Man’s struggle for mastery is magnificent and tragic; but it does not work. And the difficulty is not so much in what he does as in what he thinks. If he were to seek union instead of isolation this would not involve what is generally called “getting back to nature”; he would not have to give up his machines and cities and retire to the forests and live in wigwams. He would only have to change his attitude, for the penalties he pays for his isolation are only indirectly on the physical plane. They originate from and are most severe in his mind.

From "The Meaning of Happiness: The Quest for Freedom of the Spirit in Modern Psychology and the Wisdom of the East."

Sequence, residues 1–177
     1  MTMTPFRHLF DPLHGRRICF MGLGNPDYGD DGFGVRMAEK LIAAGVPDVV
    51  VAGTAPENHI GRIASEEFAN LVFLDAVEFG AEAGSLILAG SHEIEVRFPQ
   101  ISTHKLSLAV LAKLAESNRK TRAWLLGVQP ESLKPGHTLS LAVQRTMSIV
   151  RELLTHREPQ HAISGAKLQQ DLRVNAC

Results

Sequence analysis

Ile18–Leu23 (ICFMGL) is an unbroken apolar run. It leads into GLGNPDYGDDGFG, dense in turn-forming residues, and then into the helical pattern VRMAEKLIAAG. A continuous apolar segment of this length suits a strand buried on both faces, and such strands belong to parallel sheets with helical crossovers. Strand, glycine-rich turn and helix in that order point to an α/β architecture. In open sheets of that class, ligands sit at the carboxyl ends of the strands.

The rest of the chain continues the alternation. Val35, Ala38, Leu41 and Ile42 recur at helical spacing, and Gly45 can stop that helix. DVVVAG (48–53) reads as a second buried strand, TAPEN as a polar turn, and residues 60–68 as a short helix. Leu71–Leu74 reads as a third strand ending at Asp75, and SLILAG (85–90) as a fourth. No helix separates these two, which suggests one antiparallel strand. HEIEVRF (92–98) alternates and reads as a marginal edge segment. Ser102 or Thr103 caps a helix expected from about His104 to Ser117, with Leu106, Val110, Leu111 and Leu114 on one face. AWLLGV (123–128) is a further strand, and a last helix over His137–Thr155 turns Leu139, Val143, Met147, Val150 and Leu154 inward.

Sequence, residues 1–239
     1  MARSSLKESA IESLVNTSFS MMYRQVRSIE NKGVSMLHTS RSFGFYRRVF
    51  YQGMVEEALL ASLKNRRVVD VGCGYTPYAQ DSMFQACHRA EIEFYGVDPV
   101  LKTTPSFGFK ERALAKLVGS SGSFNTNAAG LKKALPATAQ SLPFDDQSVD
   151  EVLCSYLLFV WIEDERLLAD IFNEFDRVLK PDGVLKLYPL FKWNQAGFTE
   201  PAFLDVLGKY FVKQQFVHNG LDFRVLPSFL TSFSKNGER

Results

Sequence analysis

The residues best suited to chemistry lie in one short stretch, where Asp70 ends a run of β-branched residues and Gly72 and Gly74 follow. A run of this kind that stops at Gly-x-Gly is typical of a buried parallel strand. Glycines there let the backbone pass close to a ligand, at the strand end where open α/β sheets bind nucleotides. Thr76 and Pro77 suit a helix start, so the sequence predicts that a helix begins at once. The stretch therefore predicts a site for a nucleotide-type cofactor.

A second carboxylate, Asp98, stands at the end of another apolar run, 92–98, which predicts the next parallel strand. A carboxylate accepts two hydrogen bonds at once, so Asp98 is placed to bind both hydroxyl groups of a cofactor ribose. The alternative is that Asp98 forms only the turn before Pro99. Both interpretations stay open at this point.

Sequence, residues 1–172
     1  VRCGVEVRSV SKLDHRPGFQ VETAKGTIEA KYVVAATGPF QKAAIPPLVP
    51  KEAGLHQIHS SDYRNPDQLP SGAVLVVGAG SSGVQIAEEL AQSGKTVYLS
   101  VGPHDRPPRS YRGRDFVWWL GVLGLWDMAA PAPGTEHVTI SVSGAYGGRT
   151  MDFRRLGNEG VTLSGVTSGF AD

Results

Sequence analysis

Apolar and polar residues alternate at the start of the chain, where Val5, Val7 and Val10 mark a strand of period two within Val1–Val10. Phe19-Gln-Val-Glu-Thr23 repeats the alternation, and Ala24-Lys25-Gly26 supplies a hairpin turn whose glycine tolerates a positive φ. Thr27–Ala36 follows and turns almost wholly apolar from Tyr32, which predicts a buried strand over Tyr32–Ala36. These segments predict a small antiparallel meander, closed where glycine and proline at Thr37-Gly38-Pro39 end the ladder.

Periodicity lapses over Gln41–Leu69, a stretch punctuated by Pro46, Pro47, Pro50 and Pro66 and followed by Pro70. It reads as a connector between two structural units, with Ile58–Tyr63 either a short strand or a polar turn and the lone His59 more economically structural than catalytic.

Seed questions for reflection: What do you make of the notion that nature's service is perfect freedom? Can you share a personal story of a time you sought union with nature instead of isolation? What helps you resist the trap of isolation and go toward union with nature?

Add Your Reflection:

11 Previous Reflections:

  • link
    On May 8, 2019 Andrew C wrote:
    Freedom is the option of choosing. Perfect freedom is to make a choice aligned with nature. We are free to both destroy and to build. Choose wisely.

    1 reply: Jimmy | Post Your Reply
  • link
    On May 8, 2019 Alan wrote: